14. The primary difficulty appears to concern information that identifies one person, but is of relevance to another person. Should this be withheld unless the person who would be identified consents to release? When the time that has elapsed from when the information was collected to when it is requested may be ten, twenty or indeed fifty plus years it is impossible to contemplate the time and resources which would be necessary to deal positively with requests. In practice the consequence would be that requests would not be dealt with. Nevertheless it is unacceptable to hide behind an excuse that the lack of consent is justification for the withholding.

15. The only viable option is to make it known that information will be released to the other people involved in the adoption unless the person who would be identified requires that it is not released. The onus must be on the person who would want the information withheld to take action, otherwise the person wanting the information may be disadvantaged even though the person who would be identified may have no objection to its release but no specific motivation to come forward and offer consent. Indeed the person who would be identified may even be deceased and would not be hurt by any disclosure. Our appendix 1 includes operational details for introducing such a procedure.

16. The question that must then be resolved is whether certain pieces of information are potentially so important to one individual that no other individual should be able to deprive them of the information. In our view two pieces of information are worthy of this exemption. The first is that every individual should have the right to know the identity of his/her birth mother. Where the information is recorded this should extend also to the identity of the putative birth father. We do not consider the birth parent has the right to demand that this information is withheld. We do recognise that the prospect of the information being disclosed and the adopted person using the information to locate and contact the birth parent may be distressing to a tiny minority of individuals.

17. We would address the concerns of this group by proposing that instead of requiring the information to be withheld the birth parent could require that it was only disclosed after the adopted person had signed a formal undertaking not to make contact with the birth parent identified. This undertaking should be signed in the context of a supportive discussion with an appropriately qualified person. Such systems work very well in many parts of the English speaking world. In brief instead of vetoing the release of information an anxious birth parent vetoes the possibility of contact. Whilst we anticipate very few requests to use this facility we accept it may be of benefit to a few individuals whose minority rights should be respected. This is a far better option than any opt in system that just serves to disadvantage the majority equally.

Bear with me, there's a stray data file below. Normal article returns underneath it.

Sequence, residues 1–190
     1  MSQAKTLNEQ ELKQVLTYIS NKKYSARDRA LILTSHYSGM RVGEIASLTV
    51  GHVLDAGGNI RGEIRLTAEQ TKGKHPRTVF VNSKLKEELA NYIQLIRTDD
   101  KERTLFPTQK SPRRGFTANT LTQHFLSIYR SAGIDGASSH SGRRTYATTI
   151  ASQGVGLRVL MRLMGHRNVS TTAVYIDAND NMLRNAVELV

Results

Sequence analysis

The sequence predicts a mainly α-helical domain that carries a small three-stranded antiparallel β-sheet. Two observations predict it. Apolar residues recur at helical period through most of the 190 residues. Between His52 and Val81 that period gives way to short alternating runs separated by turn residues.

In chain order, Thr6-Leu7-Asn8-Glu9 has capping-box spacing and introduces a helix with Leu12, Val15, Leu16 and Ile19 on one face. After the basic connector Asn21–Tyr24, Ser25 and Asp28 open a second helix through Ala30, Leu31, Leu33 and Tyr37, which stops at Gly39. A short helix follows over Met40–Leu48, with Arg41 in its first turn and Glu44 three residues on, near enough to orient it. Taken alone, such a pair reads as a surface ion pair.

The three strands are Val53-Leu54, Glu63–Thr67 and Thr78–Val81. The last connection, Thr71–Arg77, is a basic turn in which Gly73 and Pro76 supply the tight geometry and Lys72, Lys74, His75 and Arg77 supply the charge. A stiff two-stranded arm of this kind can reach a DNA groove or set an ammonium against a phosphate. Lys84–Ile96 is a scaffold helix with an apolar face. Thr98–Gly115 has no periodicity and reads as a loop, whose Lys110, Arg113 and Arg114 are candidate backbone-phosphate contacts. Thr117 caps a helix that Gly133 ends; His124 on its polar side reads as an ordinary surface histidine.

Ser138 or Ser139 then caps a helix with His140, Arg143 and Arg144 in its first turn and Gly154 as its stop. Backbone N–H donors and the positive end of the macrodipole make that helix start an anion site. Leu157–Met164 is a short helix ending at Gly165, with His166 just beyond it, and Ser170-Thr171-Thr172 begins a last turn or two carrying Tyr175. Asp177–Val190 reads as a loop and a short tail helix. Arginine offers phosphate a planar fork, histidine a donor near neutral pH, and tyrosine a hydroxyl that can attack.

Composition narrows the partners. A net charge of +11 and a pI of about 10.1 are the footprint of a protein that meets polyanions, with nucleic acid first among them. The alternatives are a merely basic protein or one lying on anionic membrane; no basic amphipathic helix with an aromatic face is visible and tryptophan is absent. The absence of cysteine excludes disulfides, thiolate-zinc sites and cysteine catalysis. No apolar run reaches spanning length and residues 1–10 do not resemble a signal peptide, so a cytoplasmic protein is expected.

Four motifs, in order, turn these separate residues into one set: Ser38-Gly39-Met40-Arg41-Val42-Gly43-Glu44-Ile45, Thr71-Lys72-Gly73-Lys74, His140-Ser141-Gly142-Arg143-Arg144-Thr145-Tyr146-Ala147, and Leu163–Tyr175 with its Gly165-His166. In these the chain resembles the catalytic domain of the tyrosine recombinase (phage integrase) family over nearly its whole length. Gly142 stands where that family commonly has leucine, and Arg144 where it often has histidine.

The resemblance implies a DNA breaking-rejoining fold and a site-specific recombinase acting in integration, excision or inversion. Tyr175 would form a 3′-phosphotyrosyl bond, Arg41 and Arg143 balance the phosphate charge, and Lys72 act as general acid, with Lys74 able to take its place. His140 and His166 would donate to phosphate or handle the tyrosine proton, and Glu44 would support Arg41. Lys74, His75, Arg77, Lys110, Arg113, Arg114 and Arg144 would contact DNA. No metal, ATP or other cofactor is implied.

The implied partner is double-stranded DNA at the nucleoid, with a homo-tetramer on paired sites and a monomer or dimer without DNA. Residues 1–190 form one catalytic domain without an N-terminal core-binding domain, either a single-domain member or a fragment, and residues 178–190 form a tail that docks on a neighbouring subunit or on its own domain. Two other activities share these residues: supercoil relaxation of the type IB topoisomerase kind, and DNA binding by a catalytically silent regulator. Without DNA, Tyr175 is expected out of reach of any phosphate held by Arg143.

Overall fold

18. The second piece of information which we consider should be exempt from any withholding provisions is the right of a birth parent to be advised if a son or daughter who was adopted has died. There should be statutory duties placed upon agencies to actively seek to pass on such information for a minimum period of at least 25 years. There should also be a duty on an adoptive parent to advise the adoption agency if an adopted child dies.

19. It should be a matter of routine for a District Registrar taking notification of a death to ask if the person who has died was an adopted person. The District Registrar should then notify the Registrar General of any positive response and the Registrar General should use information in his registers (clause 76) to record the information on the Adoption Contact Register. Birth relatives should be advised that if they choose to use the adoption contact register they might learn that the adopted person has died. We consider the right to know whether your child is alive or dead is too significant to be withheld.

20. The Department of Health Annex A paragraph 15 refers to the White Paper commitment to provide adopted people with consistency of access to information. NORCAP would welcome consistency set at the high standards currently being achieved in some agencies. We fear that consistency may be achieved at a level of minimal information based upon defensive practice. This is not in the best interests of adopted people. Clearly we are being asked to accept that the Department will back up the primary legislation with appropriate secondary legislation. Based upon our experience in the past year NORCAP cannot accept this as there is no indication that the Department of Health actually understands the nature of the concerns of adults affected by adoption let alone is committed to meeting those concerns.